Immune responses to respiratory syncytial virus in neonate and adult mononuclear cells: Cytokine expression patterns and role of interferon regulatory factor-1

Persistent Link:
http://hdl.handle.net/10150/280622
Title:
Immune responses to respiratory syncytial virus in neonate and adult mononuclear cells: Cytokine expression patterns and role of interferon regulatory factor-1
Author:
Krishnan, Subramaniam
Issue Date:
2004
Publisher:
The University of Arizona.
Rights:
Copyright © is held by the author. Digital access to this material is made possible by the University Libraries, University of Arizona. Further transmission, reproduction or presentation (such as public display or performance) of protected items is prohibited except with permission of the author.
Abstract:
RSV infections are ubiquitous in children but are most severe in infants in the first few months of life. Innate and adaptive immune responses were assessed to respiratory syncytial virus (RSV) in neonate mononuclear cells (MCs) obtained at birth (prior to any direct and independent exposure) and these responses were compared to those from adult MCs. Our hypothesis was that neonates exhibit innate and/or adaptive immune hyperresponsiveness to RSV. In neonate MCs, inactivated virus invoked large levels of the innate immune cytokines IL-6, TNF-α, and IL-10 and low levels of IFN-γ and IL-12 but no adaptive immune cytokines. Live RSV induced lower levels (compared to inactivated virus) and fewer innate (IL-6, IL-10 and IFN-γ) and no adaptive immune cytokines. In adult MCs, inactivated and live virus invoked cytokines reflecting both innate and adaptive immunity (IL-6, IFN-γ, IL-2, TNF-α and IL-10). Further, NK cells (and not T cells) were the primary source of IFN-γ in neonate MCs, whereas both NK cells and T cells contributed towards IFN-γ in adult MCs to live RSV. RSV-induced proliferation in neonate MCs was not observed, though positive in adult MCs. Taken together, the results indicated that the immune response to live virus at birth was only innate in nature and could be characterized as hyporesponsive (compared to adults), thus contradicting our initial hypothesis. Immune suppression to live RSV in neonate MCs was found to be closely associated with dysregulation between type I (IFN-α) and type II (IFN-γ) IFNs. IFN-α expression in neonate MCs was significantly more than in adult MCs to live RSV. Inhibition of the live RSV-induced IFN-α in neonate MCs led to significant increases in innate (IFN-γ, IL-12, IL-18 and TNF-α) immune cytokine production. Interferon regulatory factor-1 (IRF-1) expression was part of the immune response to live RSV in adult MCs though not in neonate MCs and that the lack of IRF-1 upregulation in neonate MCs was reversed when IFN-α was neutralized. Overall, enhanced IFN-α expression suppressing innate immune cytokine production and IRF-1 expression in neonate MCs may account for the severity of early life RSV-induced illnesses.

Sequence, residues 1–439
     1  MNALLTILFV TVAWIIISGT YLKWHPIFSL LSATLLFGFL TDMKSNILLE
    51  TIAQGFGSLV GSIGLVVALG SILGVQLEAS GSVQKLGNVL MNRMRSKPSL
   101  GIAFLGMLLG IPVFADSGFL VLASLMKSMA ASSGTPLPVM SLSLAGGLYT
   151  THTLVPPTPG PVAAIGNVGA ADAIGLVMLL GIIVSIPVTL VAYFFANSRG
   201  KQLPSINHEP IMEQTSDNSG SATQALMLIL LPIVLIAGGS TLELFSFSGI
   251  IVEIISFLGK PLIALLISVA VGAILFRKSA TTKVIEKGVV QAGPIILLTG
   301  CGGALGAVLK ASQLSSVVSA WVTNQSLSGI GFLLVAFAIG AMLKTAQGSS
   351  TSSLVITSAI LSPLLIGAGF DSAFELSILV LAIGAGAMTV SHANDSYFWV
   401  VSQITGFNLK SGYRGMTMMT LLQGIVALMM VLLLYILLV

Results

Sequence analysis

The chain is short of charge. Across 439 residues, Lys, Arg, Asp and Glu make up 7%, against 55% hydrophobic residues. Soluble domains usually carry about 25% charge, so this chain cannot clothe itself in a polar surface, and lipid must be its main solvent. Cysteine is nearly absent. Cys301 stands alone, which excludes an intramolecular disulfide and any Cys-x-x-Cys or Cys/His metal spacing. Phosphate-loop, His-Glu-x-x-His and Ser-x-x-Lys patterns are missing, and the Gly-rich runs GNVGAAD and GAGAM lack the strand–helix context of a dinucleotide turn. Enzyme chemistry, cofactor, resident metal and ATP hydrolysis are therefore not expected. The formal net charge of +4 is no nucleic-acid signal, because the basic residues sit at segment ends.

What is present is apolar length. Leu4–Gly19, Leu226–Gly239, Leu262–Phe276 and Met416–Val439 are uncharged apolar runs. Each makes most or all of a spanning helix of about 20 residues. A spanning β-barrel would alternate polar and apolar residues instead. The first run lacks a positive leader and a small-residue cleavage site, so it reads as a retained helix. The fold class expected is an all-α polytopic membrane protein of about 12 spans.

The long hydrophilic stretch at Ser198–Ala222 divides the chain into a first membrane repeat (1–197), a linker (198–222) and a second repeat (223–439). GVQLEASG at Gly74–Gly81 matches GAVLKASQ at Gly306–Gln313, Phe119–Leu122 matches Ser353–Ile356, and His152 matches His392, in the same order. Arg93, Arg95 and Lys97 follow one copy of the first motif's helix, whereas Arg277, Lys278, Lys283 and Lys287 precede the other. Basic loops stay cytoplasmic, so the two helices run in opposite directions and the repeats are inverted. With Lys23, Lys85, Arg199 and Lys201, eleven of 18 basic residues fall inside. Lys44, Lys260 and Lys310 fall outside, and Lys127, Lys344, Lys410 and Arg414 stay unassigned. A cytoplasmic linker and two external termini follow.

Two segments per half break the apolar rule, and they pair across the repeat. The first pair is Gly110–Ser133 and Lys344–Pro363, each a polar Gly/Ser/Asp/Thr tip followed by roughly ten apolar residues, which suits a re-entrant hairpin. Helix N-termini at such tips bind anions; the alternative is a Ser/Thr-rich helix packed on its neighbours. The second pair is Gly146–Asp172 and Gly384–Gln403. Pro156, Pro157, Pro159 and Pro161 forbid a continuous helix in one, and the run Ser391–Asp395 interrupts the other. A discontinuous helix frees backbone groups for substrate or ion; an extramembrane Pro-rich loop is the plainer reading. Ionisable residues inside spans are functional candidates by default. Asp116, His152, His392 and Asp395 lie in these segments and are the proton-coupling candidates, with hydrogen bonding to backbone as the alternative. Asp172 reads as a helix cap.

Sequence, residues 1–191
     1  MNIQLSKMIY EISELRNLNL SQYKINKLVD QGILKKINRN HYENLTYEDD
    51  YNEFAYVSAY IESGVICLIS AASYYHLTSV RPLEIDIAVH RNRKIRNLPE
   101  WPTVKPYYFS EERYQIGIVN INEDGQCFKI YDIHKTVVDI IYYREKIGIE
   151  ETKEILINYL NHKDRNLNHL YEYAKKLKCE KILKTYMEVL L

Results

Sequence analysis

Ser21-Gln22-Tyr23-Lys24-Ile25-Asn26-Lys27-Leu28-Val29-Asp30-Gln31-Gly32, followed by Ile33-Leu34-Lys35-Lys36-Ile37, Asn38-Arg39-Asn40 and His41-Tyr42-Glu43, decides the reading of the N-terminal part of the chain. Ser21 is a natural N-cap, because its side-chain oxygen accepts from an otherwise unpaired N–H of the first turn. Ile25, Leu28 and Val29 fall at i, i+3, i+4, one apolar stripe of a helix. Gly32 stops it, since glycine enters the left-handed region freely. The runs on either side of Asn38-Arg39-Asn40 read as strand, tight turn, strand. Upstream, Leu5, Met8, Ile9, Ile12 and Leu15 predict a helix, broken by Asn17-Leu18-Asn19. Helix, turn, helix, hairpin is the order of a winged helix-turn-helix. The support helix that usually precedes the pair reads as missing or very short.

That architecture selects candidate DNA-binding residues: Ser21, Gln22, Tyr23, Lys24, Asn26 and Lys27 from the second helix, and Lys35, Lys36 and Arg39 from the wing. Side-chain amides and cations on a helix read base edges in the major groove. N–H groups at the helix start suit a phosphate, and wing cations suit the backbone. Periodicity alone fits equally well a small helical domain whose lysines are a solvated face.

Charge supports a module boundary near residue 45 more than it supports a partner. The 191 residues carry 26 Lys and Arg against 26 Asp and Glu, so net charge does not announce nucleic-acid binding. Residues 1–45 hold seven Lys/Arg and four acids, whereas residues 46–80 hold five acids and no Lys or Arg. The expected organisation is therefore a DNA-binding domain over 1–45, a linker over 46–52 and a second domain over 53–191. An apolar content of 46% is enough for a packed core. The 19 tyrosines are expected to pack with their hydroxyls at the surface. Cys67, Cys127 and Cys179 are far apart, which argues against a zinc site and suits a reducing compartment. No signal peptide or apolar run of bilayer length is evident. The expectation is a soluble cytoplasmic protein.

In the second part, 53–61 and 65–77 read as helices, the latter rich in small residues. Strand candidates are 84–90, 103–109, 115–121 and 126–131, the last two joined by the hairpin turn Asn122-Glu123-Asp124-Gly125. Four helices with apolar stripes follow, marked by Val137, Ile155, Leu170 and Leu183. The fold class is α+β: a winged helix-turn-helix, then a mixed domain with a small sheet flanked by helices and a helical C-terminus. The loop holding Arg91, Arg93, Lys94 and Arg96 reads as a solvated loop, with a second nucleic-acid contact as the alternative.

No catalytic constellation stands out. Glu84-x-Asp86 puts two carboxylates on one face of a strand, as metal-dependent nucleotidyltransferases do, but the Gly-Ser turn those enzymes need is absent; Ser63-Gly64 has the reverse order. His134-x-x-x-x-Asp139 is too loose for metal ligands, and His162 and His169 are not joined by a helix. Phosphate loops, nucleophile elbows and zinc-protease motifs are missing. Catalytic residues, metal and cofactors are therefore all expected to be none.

Type:
text; Dissertation-Reproduction (electronic)
Keywords:
Health Sciences, Immunology.
Degree Name:
Ph.D.
Degree Level:
doctoral
Degree Program:
Graduate College; Microbiology and Immunology
Degree Grantor:
University of Arizona
Advisor:
Halonen, Marilyn

Full metadata record

DC FieldValue Language
dc.language.isoen_USen_US